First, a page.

Click amount to donate direct to CounterPunch
  • $25
  • $50
  • $100
  • $500
  • $other
  • use PayPal
Support Our Annual Fund Drive! We only shake you down once a year, but when we do we really mean it. It costs a lot to keep the site afloat, and our growing audience, well over TWO million unique viewers a month, eats up a lot of bandwidth — and bandwidth isn’t free. We aren’t supported by corporate donors, advertisers or big foundations. We survive solely on your support.
FacebookTwitterGoogle+RedditEmail

State Rape

by WILLIAM SHEPPARD

When the basic premise of the drug war is that we do not own our own bodies, the recurring theme of police sexual assault in the media over the last several months seem less like freak occurrence and more like an expected, perhaps its inevitable outcome. Last year there was the police rape of a New Mexico man and another very similar incident in El Paso, In both cases, the victims were held under suspicion of carrying drugs inside their bodies, and subjected to numerous intense and invasive violations as successive tests turned up negative. These cases are gruesome, graphic and brutal examples of the kind of power the state has granted itself over us.

It does not end with just these incidents; strip searches are routine at airports. If we wish to travel via air, then we must grant the state permission to invade our privacy and our bodies. Probably the most explicit form of state rape – that is some kind of sexual assault or violation undertaken by a representative, or someone with authority granted by the state – is prison rape. What gives a government official this power? If we consider the specific case of the man in New Mexico, it is unlikely that two men on the street would have been able to apprehend him and conduct these acts without him protesting, resisting, trying to get away or, at the very least, gaining support from bystanders.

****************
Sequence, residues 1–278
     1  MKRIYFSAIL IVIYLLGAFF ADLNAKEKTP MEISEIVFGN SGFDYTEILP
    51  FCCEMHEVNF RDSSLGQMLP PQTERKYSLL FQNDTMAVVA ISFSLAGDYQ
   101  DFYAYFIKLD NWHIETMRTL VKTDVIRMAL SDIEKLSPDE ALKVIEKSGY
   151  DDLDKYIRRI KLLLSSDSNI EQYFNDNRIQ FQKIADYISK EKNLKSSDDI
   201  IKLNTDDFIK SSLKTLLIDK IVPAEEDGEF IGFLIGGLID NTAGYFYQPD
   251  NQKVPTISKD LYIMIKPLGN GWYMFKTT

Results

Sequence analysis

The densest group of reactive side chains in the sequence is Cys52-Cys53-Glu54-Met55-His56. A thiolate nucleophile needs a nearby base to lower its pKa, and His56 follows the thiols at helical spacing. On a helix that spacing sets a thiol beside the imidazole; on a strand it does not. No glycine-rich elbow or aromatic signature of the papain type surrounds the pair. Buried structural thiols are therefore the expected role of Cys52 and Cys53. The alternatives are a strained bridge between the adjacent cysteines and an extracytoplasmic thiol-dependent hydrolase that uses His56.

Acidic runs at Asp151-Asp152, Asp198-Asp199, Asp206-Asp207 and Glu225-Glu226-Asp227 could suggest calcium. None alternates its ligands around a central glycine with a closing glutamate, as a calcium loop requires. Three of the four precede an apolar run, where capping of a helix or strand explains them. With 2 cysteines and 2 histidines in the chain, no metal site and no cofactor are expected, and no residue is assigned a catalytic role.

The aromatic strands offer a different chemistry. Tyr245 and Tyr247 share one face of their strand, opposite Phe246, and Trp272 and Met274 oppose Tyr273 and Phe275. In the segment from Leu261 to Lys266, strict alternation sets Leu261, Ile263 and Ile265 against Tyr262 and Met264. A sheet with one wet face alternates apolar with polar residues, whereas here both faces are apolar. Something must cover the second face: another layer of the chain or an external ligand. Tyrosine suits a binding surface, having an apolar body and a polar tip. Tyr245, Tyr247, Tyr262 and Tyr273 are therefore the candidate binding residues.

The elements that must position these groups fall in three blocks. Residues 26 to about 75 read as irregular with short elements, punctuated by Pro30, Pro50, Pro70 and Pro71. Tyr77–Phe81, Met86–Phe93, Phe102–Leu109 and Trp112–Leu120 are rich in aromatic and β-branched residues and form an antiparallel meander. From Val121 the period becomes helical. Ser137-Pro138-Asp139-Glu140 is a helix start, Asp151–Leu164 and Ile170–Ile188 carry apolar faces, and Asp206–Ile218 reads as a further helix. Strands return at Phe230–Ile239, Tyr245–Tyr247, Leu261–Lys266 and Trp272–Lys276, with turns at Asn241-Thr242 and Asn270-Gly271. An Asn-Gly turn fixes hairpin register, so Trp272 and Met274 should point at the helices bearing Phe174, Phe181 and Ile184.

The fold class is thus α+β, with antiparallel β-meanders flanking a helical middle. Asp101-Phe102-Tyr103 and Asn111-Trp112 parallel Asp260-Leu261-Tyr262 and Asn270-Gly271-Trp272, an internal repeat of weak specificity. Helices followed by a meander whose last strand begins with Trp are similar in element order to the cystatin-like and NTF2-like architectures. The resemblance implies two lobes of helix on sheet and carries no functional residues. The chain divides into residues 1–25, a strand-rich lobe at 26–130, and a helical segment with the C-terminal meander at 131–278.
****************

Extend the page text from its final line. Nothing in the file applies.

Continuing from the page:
Given the position of authority granted to these men, however, means that physical resistance isn’t even a reasonable response. The presence of law enforcement in this man’s ordeal provided the implicit threat of an infinitely scalable escalation of violence. Had he attempted to stop one of the doctors from violating him, at least one officer would have gotten involved to subdue him; were he successful in subduing one cop, it is likely that a second cop would have used lethal force against him; in the unlikely event that he could have stopped this, the state has near unlimited resources to stop him. He could be chased to other states, even extradited from another nation. As soon as the state is involved in a situation like this, the individual citizen has already lost. While some instances are eventually dealt with in an appropriate manner, the aforementioned prison rape by prison authorities shows that even after sexual assault takes place, the opportunity for recourse is minimal to non-existent — to the point where authorities were able to deny that such a thing was even a problem.

Recently a report by the Department of Justice, surveying nearly 2 million prisoners from federal, state, local and private prisons, found that almost half of sexual assaults in prison are perpetrated by prison staff. In cases where allegations were substantiated, less than half the offenders were prosecuted or faced jail time. This issue stems from the conflict of interest that arises when state officials are expected to be held accountable to and prosecuted by other state officials. It’s the same reason we don’t see police engaged in acts of brutality being handcuffed by their peers. Inmates attempting to report such offenses must deal with possible retaliation by the accused or their peers, who have been granted power over them by the state. As demonstrated before, their actions carry with them the implicit threat of infinitely scalable violence.